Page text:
Bilingual baby babbling

This is the first of what will definitely be many posts on bébé’s language skills. He’s moved on from the “making noise” stage and there is some serious bilingual baby babbling happening. The past few weeks especially seem to have been very interesting (though maybe I’ve just been paying more attention?).

With most of his progress in reaching various milestones (sitting up, crawling, walking), I’m always surprised at how gradual it really is. I think when you don’t spend a lot of time around babies, you imagine these things as big jumps that happen overnight. And while sometimes it can be like that (just today, he stacked 4 blocks by himself, after weeks of simply watching me do it), for many things it’s much slower. I thought walking would be all of a sudden, he just stands up and off he goes! Maybe there are some babies who do it like that, but ours took his time, holding onto furniture, then holding our hands, then pushing up from downward dog (babies are the ultimate yoga masters!) into standing, then alternating walking and crawling, and finally, walking and standing consistently. And there was no real definitive “first steps” hallmark moment. There was the first time I saw him do it, the first time his father saw him, the first time his mamie saw him, etc.

For the moment, language is more gradual than I expected. I think it’s my parents’ fault, telling me about my first word. They said I walked around a family dinner with a book saying “buh buh buh” and then finally “book! book! book!” So I had this idea that bébé would just go from making sounds to making fully-formed words.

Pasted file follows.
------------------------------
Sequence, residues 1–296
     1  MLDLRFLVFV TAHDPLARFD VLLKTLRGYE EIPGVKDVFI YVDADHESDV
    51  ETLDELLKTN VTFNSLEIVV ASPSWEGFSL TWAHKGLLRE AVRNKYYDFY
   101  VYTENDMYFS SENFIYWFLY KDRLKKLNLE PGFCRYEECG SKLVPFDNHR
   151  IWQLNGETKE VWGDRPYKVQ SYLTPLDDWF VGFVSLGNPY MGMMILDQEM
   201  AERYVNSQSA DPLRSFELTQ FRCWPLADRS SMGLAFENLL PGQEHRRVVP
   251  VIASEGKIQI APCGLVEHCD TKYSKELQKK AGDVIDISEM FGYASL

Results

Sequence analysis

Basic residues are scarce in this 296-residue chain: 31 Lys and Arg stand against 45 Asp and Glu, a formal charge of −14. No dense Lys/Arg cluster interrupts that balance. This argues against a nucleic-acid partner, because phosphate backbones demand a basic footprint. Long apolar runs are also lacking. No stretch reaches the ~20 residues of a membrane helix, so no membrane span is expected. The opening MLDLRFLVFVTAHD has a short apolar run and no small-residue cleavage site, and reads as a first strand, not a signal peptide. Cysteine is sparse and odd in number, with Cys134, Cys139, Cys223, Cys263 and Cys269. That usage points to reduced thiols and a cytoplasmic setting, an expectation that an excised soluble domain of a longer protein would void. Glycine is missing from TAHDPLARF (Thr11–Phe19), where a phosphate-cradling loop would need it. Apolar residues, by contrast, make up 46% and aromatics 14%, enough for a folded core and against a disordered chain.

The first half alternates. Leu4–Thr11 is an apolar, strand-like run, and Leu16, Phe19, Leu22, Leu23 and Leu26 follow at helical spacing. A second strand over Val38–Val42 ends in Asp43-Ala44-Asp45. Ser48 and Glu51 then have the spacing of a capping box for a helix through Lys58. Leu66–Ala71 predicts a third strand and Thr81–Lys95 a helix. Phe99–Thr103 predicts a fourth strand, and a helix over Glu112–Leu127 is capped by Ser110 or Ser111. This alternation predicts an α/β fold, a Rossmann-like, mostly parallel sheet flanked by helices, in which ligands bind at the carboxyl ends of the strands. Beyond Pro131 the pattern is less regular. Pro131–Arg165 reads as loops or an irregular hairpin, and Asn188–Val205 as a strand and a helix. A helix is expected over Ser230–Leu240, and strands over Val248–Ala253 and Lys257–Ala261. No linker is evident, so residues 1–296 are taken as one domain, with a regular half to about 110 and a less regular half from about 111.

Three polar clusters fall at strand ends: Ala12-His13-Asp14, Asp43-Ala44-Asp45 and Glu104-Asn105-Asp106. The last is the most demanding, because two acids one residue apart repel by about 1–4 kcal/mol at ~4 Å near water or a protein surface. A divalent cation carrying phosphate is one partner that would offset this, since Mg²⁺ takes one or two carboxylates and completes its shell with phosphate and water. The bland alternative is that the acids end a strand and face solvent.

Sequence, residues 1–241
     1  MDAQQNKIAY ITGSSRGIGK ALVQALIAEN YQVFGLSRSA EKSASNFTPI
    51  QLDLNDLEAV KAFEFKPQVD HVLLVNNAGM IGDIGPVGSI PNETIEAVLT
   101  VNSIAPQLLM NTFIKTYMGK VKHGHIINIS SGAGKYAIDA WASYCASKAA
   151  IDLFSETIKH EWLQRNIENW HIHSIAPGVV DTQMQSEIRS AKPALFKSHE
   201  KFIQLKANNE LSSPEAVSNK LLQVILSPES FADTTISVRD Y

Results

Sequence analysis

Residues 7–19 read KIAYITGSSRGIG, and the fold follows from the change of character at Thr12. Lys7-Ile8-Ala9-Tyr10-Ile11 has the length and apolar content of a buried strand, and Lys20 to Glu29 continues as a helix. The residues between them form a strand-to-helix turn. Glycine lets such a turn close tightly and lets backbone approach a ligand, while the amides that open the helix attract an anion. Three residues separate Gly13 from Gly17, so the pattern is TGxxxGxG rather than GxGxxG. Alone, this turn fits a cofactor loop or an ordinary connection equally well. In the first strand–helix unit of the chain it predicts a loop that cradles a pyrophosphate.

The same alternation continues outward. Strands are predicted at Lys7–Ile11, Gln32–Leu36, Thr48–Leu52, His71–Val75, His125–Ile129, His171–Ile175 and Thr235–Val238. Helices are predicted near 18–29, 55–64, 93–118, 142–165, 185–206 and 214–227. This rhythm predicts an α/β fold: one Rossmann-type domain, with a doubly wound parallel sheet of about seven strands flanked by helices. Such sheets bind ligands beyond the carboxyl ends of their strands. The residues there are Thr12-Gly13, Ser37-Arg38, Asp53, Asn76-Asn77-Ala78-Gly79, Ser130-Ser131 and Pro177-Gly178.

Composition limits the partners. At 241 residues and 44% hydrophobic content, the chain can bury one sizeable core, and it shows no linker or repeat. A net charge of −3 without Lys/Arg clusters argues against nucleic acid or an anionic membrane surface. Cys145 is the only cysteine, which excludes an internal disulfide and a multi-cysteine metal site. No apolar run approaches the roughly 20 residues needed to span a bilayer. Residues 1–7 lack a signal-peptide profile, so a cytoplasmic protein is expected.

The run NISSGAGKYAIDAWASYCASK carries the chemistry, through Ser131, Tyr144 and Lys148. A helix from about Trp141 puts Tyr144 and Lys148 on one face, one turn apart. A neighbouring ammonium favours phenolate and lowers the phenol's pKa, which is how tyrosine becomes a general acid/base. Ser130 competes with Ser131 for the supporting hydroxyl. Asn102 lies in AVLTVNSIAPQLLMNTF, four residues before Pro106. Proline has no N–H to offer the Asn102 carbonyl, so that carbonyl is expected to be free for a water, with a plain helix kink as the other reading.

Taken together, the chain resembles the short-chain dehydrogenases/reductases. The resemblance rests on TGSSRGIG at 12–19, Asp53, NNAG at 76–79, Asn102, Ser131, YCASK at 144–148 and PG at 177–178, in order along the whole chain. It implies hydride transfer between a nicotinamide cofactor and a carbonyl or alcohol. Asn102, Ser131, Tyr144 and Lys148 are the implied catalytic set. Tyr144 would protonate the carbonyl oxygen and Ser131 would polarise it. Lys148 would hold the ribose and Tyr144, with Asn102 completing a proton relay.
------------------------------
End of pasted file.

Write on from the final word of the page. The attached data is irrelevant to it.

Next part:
That’s not really what he’s doing, but what is actually happening is pretty cool. It’s a mixture of sounds and gestures and syllables. It’s more about communication than words. So when people ask if he’s speaking yet, I say “sort of” because it’s speech that only parents would recognize as such!

Some of his “words” include:

  • “Mo”: food/more. This is kind of my “fault” because I did a little sign language with him starting with solid foods, to see if that would help him tell us what he wanted. The only one I did consistently was “more” and I’m pretty sure he thinks it just means “food.” So I’ve been trying to respond with things like “more milk? more applesauce?” to show him the difference.
  • “Gah”: gâteau. There is very little doubt about this one! His mamie is a typical grandparent and gives him quite a few treats while he’s with her twice a week.